East Detroit Public Schools also would be likely to end up in a deficit if state funding is cut. The district is down to a slim $57,000 in savings.

"It's a mess," said Superintendent Bruce Kefgen. "I can't tell you where we'd ultimately cut."

The Willow Run Community Schools district already was in a deficit, and files an annual plan on how it is reducing its deficit with the state.

"We've already made major changes and concessions with our employees and staffing," Houle said. "We don't have anyplace to go for discretionary spending."

Even well-heeled districts can struggle.

Bloomfield Hills Public Schools has a cushion in the form of $20 million in savings, but its officials still feel that it has to close two schools next year.

"Just because we have a fund balance doesn't mean our board wants to tap it," said district spokeswoman Betsy Erikson.

Educators say if money is tight, it's only fair for the state and federal governments to chip in by dropping some of the schools' requirements.

"If you don't have the money for us, you could cut some of those unfunded mandates," said Kefgen. He suggests cutting back on the state testing programs such as the MEAP, which he said costs districts thousands of dollars to administer, or rethinking all the databases that districts are required to keep.

Muncatchy said he would like the federal government to fund some of the requirements under No Child Left Behind.

"I'm all for rigor and that schools should be places of excellence, but other countries in the world spend 30% of their federal funds on education, and America spends less than 3%," Muncatchy said.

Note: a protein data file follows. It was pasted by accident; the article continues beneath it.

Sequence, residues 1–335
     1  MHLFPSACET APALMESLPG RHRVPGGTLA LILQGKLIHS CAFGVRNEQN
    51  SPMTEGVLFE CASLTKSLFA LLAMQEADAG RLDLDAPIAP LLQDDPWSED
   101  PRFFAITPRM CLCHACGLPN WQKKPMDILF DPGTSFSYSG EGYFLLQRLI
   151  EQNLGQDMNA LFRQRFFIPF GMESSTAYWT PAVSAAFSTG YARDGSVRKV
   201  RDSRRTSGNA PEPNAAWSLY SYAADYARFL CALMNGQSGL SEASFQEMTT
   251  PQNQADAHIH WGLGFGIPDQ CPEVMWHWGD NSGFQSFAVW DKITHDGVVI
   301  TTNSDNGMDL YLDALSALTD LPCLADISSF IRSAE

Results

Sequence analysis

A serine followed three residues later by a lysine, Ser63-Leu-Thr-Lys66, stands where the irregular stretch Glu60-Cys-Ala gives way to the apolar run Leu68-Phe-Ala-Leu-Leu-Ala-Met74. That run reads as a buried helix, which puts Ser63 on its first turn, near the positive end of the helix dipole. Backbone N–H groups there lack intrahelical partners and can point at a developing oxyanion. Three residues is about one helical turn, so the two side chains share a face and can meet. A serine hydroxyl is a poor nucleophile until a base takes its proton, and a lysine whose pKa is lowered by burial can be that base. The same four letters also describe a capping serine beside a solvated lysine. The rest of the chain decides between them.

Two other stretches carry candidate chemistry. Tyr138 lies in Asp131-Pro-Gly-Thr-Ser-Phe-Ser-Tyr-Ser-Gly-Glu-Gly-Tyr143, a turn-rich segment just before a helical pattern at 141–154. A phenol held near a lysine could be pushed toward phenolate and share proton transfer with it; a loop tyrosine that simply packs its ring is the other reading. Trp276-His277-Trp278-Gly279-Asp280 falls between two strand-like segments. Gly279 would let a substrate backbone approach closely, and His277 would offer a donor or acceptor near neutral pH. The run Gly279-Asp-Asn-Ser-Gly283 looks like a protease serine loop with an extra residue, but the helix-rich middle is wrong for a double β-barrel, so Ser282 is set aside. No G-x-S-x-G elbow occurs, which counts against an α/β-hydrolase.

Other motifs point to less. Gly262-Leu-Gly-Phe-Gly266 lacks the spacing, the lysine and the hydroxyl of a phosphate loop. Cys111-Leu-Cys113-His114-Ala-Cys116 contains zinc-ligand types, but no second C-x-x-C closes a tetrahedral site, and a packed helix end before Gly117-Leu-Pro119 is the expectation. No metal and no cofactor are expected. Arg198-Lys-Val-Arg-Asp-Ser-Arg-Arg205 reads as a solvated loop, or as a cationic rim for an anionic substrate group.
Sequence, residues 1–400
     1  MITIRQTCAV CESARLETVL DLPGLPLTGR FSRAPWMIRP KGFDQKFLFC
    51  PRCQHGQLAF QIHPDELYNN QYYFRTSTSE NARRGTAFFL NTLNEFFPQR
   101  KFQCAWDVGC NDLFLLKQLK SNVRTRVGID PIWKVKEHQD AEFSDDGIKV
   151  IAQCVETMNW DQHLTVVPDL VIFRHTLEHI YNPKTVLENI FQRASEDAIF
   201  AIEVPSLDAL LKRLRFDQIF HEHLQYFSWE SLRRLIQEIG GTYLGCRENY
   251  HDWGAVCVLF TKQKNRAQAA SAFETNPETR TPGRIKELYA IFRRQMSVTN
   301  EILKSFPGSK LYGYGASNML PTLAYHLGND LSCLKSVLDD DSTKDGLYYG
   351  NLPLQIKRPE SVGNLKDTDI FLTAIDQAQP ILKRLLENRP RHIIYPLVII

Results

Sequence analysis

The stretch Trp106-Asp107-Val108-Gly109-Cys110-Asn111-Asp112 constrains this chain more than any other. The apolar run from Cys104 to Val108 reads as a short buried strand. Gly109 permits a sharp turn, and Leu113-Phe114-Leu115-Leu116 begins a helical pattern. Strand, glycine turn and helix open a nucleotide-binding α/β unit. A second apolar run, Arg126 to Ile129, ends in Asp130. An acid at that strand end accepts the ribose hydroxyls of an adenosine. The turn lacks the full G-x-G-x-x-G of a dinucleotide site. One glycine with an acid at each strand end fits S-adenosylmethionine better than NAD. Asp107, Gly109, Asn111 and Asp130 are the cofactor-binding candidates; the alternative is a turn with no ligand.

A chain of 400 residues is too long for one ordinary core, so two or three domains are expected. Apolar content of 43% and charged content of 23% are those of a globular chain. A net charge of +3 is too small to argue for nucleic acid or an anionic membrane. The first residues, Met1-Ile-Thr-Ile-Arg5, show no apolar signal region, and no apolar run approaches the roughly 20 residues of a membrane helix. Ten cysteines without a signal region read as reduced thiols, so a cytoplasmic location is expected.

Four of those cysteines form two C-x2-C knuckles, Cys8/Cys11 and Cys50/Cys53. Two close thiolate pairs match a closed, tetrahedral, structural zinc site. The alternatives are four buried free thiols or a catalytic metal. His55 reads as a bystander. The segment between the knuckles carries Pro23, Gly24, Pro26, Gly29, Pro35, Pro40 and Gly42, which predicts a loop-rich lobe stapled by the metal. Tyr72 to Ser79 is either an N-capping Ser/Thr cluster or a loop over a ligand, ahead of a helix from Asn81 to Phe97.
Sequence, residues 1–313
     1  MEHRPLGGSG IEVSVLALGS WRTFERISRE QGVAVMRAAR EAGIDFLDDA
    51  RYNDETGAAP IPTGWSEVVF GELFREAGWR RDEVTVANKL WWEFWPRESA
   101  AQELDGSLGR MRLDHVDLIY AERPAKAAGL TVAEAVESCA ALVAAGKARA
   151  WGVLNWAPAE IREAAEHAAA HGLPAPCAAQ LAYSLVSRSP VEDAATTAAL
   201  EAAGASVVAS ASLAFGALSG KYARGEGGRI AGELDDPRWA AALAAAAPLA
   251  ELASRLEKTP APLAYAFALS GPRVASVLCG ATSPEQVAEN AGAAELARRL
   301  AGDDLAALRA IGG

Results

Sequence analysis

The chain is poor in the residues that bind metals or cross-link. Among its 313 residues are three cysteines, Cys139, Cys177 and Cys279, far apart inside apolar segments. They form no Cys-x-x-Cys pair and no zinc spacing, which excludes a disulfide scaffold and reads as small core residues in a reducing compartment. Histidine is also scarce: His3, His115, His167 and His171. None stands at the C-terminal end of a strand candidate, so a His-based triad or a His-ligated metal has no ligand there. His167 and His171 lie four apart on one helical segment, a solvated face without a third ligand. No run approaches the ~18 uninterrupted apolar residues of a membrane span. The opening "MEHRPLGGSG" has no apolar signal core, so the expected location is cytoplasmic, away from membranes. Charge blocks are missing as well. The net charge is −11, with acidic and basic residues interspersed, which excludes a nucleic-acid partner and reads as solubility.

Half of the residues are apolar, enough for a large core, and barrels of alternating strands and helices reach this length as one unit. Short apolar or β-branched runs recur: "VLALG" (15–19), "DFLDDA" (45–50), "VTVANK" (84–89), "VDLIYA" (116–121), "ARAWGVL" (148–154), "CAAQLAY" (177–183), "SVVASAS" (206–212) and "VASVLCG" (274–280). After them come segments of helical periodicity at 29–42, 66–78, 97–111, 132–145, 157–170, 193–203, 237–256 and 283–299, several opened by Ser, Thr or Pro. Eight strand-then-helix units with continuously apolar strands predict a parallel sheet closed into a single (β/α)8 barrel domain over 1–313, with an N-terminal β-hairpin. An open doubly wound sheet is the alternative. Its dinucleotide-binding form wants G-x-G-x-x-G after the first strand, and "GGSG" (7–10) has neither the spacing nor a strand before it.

More than two dozen school districts and charter schools began the 2008-09 school year with a deficit.
District Amount
Avondale School District $1.4 million
Benton Harbor Area Schools $7 million
Clintondale Community Schools $4.7 million
Detroit Public Schools $139.7 million
Ecorse Public Schools $137,000
Ewen-Trout Creek Schools $1.5 million
Garden City Public Schools $1.5 million
Hancock Public Schools $872,000
Hazel Park Schools $734,000
Highland Park Schools $151,000
Hillsdale Preparatory School $6,000
Inkster Public Schools $2.6 million
International Academy of Saginaw $615,000
Ishpeming Public School District $600,000
Madison Public Schools $600,000
Meridian Public Schools $164,000
Muskegon Heights Public Schools $862,000
New Haven Community Schools $122,000
Owendale-Gagetown Area Schools $19,000
Quincy Community School District $236,000
Redford Union Schools $270,000
River Rouge School District $630,000
Vanderbilt Area Schools $55,000
Victor Academy $28,000
Walden Green Montessori $116,000
Willow Run Community Schools $2.3 million
West Village Academy $600,000
Discovery Arts and Technology PSA $420,000
Northpointe Academy $185,000
Source: Michigan Department of Education, preliminary figures.  is a Michigan, Non-Profit Media Corporation